Join America’s Diabetes Challenge:
Get to Your Goals

America’s Diabetes Challenge: Get to Your Goals is a program from Merck to urge people with type 2 diabetes to know their A1C number and to talk to their doctor about setting and attaining their own blood sugar goals. The program encourages friends and caregivers to challenge their loved ones to get to their A1C goal and to help support the 29 million Americans living with this condition.

People with type 2 diabetes can reduce their risk of serious complications by setting individual goals to manage the ABCs of diabetes—that’s A for A1C, also known as blood sugar, B for blood pressure and C for cholesterol. Work with your doctor to come up with an individualized treatment plan that is right for you.

A1C is a blood test that shows your average blood sugar level over the past two to three months and helps you and your doctor see how well your diabetes treatment is working. A main goal of type 2 diabetes management is to keep your blood sugar under control and to reach the A1C goal you’ve established with your doctor.

People without diabetes usually have an A1C ranging from 4-6 percent. It is recommended that many people with diabetes have an A1C of less than 7 percent to help reduce the risk of complications,* and nearly half of people with diabetes are not at an A1C <7%. A higher or lower A1C goal may be appropriate for some people, and you should speak with your doctor about what goal is right for you.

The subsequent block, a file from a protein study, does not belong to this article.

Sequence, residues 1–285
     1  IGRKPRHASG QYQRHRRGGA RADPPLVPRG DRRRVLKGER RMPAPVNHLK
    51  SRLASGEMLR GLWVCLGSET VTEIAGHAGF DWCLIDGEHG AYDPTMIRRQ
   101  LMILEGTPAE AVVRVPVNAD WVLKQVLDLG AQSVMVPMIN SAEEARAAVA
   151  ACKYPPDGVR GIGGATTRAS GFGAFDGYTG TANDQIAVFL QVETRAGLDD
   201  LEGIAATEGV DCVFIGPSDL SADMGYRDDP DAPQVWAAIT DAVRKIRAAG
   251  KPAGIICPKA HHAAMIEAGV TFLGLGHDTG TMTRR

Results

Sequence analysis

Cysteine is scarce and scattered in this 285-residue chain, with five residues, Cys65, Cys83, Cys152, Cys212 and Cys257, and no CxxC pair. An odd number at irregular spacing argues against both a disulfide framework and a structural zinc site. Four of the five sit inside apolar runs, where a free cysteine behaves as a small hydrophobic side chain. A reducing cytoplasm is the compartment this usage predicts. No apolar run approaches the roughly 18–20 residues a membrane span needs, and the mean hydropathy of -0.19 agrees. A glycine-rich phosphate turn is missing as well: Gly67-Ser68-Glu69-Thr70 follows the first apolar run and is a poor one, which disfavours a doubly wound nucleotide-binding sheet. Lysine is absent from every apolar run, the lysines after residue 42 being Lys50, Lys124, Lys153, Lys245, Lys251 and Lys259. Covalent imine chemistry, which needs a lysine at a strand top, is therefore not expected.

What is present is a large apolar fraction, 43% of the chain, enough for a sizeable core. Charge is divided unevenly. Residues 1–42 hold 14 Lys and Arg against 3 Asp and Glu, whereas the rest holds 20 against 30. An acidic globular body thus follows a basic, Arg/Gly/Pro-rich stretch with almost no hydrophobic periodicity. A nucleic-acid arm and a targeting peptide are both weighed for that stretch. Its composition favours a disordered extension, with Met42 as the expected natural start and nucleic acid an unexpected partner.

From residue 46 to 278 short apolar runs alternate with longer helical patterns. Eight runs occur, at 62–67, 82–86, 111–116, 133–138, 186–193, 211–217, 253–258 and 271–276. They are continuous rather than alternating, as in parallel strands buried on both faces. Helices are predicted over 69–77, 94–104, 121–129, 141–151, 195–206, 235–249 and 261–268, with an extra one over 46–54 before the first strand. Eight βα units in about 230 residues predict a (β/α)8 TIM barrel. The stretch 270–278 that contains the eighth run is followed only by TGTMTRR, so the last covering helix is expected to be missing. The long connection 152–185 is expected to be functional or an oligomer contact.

So…are YOU at your A1C and blood sugar goals?

Find out by accepting America’s Diabetes Challenge.
Take the PLEDGE to know your A1C and to get to your goal!

  • MAKE THE COMMITMENT TO
    Know your ABCs.
    Know your A1C and set goals.
    Develop a plan to reach your A1C goal.
    Help a loved one reach their A1C goal.

  • “I worked with my doctor to know my A1C goal. We came up with a plan that I can stick to, which helps me track and stay at that goal.”

    Meet S. Epatha,
    Actress and Your Mission Leader

    Eleven years ago, I got an important wake-up call. At the time, I wasn’t at my healthiest. I’d put on a lot of weight, wasn’t exercising or paying attention to my diet.

    At a health fair event I had my blood sugar tested. The doctor told me that my blood sugar levels were very high and I should schedule an appointment right away. I have a family history of type 2 diabetes, but I was oblivious to my own signs and symptoms.

    I was diagnosed with type 2 diabetes and decided to get serious about my health. I worked with my doctor to come up with a diabetes management plan that was right for me, including the right diet, exercise and medications to help me meet my A1C goal. I make sure to stick with my plan by checking my blood sugar twice a day and by tracking my A1C numbers every three months when I see my doctor to make sure my plan is still working for me. I keep a log of my weekly progress and make regular appointments with my doctor to help keep on top of my eating habits, exercise routine and medications. I’ve also learned that sometimes, despite your best efforts, you may not be reaching your blood sugar goals, and your doctor may need to change your treatment plan.

    Because type 2 diabetes runs in my family, I know firsthand how it changes your life, and I’ve seen the consequences of not knowing your A1C number and not making a commitment to get to your A1C, blood pressure and cholesterol goals. In addition to me, one of my brothers has the condition and my father and grandmother died from complications of diabetes.

    That’s why I think it is so important that people learn more about proper blood sugar management and why I have pledged to continue working with my doctor to know my A1C number and to attain my blood sugar goals. I urge you to make the same pledge.

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    *The American Diabetes Association’s guidelines recommend that people with type 2 diabetes have an A1C of less than 7 percent to help reduce the risk of complications.

    S. Epatha Merkerson Photo Credit: Lisa Berg Photography